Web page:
Via Financial Times

$2.1bn in loans and $653m in aid pledged for Venezuelan migrant crisis

Gideon Long in Bogotá

Countries from around the world have pledged $653m and a further $2.1bn in loans and other assistance to help Venezuelan migrants, and to ease the burden on Latin American countries struggling to deal with what has become the biggest migration crisis on the planet.

At an online conference organised by the EU and Spain, donor countries said tackling the Venezuelan exodus had become even more urgent now the virus had struck, triggering lockdowns in many Latin American countries and depriving migrants of work.

“These contributions will make a real difference to the lives of refugees and migrants from Venezuela, who have been extremely hard-hit by the pandemic,” said Eduardo Stein, special representative for the UN refugee agency (UNHCR) and the International Organization for Migration (IOM). “The commitments made today to support humanitarian efforts offer a ray of hope to many families who have lost everything they had.”

More than 5m people have left Venezuela in the past five years, escaping the biggest economic meltdown in recent Latin American history. In the past two years, the exodus has become the biggest on the planet, eclipsing even the flow of Syrians through the Mediterranean, which has slowed after a decade of war. Venezuelan migration also dwarfs the exodus of Rohingya Muslims from Myanmar or migration from war-torn South Sudan.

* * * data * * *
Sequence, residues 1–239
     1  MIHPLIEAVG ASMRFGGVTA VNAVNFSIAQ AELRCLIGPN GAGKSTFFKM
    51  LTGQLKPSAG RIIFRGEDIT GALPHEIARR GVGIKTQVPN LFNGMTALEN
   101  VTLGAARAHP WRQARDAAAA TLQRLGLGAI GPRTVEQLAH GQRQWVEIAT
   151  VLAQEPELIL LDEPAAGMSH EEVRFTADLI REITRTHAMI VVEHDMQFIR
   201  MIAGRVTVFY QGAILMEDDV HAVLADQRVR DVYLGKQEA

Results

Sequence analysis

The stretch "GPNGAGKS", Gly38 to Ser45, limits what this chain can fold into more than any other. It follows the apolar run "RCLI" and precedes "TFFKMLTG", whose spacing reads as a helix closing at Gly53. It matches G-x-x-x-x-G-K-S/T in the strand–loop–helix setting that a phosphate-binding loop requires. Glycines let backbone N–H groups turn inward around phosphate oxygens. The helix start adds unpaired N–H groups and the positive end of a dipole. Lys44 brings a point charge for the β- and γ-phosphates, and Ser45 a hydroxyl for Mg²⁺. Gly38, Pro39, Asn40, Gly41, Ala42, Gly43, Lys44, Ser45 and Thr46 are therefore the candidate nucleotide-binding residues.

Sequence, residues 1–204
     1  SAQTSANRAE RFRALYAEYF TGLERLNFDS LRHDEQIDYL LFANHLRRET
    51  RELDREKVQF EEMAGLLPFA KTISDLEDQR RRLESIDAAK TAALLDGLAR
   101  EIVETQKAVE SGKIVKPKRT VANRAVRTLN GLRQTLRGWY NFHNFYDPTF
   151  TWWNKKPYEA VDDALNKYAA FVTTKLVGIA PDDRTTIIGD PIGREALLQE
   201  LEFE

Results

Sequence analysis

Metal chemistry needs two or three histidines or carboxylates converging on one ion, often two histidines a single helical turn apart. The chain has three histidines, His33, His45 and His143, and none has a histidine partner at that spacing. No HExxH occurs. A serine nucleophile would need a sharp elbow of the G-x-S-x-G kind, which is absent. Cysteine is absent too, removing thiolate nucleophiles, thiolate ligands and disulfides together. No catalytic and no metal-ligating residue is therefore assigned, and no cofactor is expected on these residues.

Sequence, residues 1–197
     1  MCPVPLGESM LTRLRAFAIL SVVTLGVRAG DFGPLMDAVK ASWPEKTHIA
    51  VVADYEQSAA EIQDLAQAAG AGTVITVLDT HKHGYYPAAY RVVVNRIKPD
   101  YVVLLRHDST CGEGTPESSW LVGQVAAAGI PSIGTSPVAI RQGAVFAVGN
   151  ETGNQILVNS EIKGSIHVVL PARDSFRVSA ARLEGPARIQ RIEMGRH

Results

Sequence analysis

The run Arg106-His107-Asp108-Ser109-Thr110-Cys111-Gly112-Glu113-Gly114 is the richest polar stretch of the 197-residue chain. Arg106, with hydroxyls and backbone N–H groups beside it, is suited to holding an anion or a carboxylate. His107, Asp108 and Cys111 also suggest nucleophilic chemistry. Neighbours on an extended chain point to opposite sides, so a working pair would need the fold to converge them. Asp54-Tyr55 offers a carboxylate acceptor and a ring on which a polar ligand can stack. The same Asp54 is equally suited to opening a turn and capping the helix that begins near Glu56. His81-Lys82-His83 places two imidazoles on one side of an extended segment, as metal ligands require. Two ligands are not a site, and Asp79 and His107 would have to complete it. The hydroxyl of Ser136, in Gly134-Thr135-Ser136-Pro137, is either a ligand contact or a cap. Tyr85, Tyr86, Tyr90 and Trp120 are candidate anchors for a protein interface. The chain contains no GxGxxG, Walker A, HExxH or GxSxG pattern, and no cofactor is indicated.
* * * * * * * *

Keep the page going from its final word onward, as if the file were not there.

Most have come to Colombia, Peru, Chile and Ecuador and many do not have permission to stay. Lots eke out a living in the informal labour market.

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Those jobs have dried up under lockdown leaving migrants with the difficult choice of staying in their adopted countries — where they have to pay rent — or heading home to Venezuela, where conditions are even worse but where most have family and a roof over their heads.

Since coronavirus struck, some 50,000 Venezuelans have crossed back into their country from neighbouring Colombia in a partial reversal of the exodus.